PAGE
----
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Welcome to news from Canadian Studies Foreign Language and Area Studies (FLAS) Fellows of the Center. Our students have gone on to become experts in their fields and to contribute to a greater understanding of Canada in the United States. We hope you enjoy their stories.
From left, Walter O'Toole (UW English major), Caitlyn Evans (UW law student and FLAS Fellow), Alexina Kublu and Prof. Mick Mallon.
Inuktitut, the indigenous language of the Inuit peoples of Northern Canada, shares no roots with any other language in existence.
It is spoken by only 35,000 people – with nearly all of them living in small communities in Arctic Canada. With its complex glottal sounds and unique set of written symbols, Inuktitut is rare to hear and difficult to learn.
But thanks to the University of Washington’s FLAS (Foreign Language and Area Studies) fellowship program, UW law student Caitlyn Evans is getting that chance.
The program awards tuition and living stipends to undergraduate, graduate and professional students to pursue foreign language and international area studies.
Fellowships are awarded through the Jackson School of International Studies’ eight National Resource Centers, each of which organizes training and research focused on a different world region: East Asia, South Asia, Southeast Asia, The Middle East, Canada, West Europe, Russia/East Europe/Central Asia and Global Studies.
These resource centers receive Title VI funding from the U.S. Department of Education to support students gaining competencies in 66 global languages and a variety of area topics.
“The objective is to have U.S. citizens and permanent residents in a wide variety of fields who can operate in foreign languages and with expertise in various world regions,” said fellowships coordinator Robyn Davis in an email.
Evans, an aspiring environmental lawyer interested in indigenous land rights in the Arctic territories, was keen on learning the Inuit language “to build a cultural connection with the Arctic” upon first starting law school.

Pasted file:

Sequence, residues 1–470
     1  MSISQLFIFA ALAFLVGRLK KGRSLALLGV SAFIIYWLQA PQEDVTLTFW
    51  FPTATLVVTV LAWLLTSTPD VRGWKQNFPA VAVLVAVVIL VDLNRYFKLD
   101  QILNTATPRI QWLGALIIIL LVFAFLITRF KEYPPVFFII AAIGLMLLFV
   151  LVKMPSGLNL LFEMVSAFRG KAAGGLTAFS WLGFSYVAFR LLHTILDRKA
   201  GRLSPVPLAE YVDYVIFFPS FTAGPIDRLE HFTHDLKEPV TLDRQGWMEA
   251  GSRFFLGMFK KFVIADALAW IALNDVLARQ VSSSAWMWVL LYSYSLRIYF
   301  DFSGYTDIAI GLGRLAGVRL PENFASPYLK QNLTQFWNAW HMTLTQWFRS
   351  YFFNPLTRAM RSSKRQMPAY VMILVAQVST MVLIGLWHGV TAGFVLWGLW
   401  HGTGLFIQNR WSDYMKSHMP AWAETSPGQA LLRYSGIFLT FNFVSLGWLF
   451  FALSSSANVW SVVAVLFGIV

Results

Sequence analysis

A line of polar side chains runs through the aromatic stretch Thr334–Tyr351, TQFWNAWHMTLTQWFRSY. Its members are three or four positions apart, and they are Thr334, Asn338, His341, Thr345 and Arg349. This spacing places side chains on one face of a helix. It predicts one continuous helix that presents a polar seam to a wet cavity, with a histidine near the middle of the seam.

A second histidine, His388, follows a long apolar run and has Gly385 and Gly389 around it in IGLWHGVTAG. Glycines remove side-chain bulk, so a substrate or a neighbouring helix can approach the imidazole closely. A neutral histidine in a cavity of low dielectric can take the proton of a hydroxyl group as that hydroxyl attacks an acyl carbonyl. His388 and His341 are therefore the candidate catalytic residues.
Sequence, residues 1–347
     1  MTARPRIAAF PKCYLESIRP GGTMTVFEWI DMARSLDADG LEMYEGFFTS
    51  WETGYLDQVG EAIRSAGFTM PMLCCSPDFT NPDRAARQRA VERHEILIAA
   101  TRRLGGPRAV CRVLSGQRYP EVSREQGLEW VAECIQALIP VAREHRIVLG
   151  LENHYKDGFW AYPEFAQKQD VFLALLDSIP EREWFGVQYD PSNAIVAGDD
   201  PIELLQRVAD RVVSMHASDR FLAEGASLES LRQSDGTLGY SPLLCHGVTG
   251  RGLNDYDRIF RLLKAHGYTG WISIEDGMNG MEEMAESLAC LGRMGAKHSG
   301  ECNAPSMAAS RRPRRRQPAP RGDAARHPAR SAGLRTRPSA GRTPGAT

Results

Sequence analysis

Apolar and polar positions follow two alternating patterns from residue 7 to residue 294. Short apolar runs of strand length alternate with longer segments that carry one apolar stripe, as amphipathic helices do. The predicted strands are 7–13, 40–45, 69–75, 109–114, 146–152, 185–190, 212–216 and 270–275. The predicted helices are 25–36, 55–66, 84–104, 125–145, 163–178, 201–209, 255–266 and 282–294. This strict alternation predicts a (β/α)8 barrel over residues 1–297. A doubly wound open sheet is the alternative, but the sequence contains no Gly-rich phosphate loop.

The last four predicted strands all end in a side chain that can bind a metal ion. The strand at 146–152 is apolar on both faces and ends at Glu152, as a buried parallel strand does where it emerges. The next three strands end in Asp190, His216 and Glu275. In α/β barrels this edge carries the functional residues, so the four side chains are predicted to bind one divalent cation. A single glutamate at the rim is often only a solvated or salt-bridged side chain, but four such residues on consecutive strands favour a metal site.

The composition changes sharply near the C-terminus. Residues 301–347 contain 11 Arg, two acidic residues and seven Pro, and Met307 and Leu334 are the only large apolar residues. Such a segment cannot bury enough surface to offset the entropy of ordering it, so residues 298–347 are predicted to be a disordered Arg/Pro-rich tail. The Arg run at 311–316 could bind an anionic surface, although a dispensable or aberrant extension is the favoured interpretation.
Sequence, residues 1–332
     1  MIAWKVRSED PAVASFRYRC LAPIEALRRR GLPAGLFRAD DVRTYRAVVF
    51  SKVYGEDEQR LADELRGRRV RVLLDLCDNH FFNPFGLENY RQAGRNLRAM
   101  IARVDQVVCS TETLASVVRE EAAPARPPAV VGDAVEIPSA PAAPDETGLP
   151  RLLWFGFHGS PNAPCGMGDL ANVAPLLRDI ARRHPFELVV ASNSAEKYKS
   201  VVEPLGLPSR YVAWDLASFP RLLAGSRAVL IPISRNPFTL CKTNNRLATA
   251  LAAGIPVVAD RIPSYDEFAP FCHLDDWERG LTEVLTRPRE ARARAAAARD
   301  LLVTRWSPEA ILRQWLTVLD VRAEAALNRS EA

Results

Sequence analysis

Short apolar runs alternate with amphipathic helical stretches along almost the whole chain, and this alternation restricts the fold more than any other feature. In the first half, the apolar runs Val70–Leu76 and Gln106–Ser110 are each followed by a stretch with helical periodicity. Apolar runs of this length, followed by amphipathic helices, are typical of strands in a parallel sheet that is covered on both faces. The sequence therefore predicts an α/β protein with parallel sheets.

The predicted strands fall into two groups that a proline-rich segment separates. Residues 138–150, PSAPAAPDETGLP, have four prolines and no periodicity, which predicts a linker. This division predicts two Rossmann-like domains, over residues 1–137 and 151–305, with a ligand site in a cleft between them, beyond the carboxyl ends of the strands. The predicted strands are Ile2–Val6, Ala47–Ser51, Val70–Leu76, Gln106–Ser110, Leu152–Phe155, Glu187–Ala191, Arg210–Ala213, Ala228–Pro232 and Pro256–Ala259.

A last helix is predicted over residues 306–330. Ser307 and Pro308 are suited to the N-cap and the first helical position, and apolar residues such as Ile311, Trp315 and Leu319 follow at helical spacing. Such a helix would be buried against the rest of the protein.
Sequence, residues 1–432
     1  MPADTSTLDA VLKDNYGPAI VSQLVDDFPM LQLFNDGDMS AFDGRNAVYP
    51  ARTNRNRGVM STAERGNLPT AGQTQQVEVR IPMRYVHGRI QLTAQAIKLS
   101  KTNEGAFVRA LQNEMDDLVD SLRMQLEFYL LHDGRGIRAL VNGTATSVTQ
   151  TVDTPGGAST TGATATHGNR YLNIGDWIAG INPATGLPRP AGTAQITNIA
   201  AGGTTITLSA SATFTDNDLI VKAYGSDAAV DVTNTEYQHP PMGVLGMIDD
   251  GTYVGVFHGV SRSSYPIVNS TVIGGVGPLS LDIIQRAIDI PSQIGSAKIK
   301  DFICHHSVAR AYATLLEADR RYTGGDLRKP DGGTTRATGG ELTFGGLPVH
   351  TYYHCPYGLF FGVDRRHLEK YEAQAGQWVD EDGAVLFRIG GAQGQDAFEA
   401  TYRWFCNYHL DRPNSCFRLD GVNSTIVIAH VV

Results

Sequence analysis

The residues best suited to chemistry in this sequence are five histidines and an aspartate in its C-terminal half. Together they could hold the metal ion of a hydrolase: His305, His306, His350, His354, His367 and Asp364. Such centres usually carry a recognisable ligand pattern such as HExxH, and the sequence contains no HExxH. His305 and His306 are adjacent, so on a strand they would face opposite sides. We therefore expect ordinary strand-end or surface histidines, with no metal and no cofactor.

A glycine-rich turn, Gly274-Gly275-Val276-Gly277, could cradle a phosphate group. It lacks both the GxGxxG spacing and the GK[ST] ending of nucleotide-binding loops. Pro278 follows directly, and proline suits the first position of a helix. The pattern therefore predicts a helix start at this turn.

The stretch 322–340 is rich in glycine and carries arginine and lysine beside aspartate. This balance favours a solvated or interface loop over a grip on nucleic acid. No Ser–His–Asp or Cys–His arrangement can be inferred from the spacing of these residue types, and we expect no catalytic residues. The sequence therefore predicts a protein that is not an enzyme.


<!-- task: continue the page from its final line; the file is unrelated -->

Luckily for her, Inuktitut was one of the languages offered for a FLAS fellowship in 2012. Not so lucky was the fact that UW doesn’t offer any way to learn it on campus.
In fact, after calling nearly every U.S. and Canadian university with a distance-learning program, Evans thought there was no pathway for her to learn Inuktitut in all of North America.
That’s when Mick Mallon entered the picture.
The retired language professor is one of the best qualified Inuktitut teachers in North America – not to mention one of just “four living white guys” who might claim to be experts in the Inuit language today.
Canadian Studies Associate Director Nadine Fabbi first reached out to Mallon in 2004, on behalf of former JSIS student Tim Pasch who was interested in applying for FLAS in Inuktitut. Fabbi said Mallon has been an invaluable learning resource ever since.
“Given the fast-increasing outside interest in the Arctic, Inuktitut is becoming a strategic language for U.S. security,” Fabbi said. “We are extremely fortunate to have resources to teach the Canadian Inuit language here at the UW.”
Since Mallon lives in Victoria, Canada, the Canadian Studies Center had to get creative in setting up the curriculum for Pasch’s fellowship. Traditional classroom lessons were clearly not an option, nor was going through an official university distance-learning program.
So, they turned to Skype. In addition to their lessons on the UW campus, Mallon now conducts semi-private lessons over the Web for Evans and her only other classmate, Walter O’Toole. O’Toole, an undergraduate English major, hopped on board when the class was resurrected for Evans’ fellowship this quarter.
O'Toole grew up hearing stories about Inuit culture from his father, who used to work in the Arctic, and plans to take a trip north after graduating. He says he was interested in learning Inuktitut to “be exposed to something different.”
“It’s a beneficial cognitive exercise to learn a rare language,” he said.
Evans and O’Toole both say Inuktitut is tough to learn, despite the fact that it’s a very logical language in terms of semantics, phonetics and structure. (The Inuk word for education, for example, is at the beginning of the words for student, teacher, school and learning.)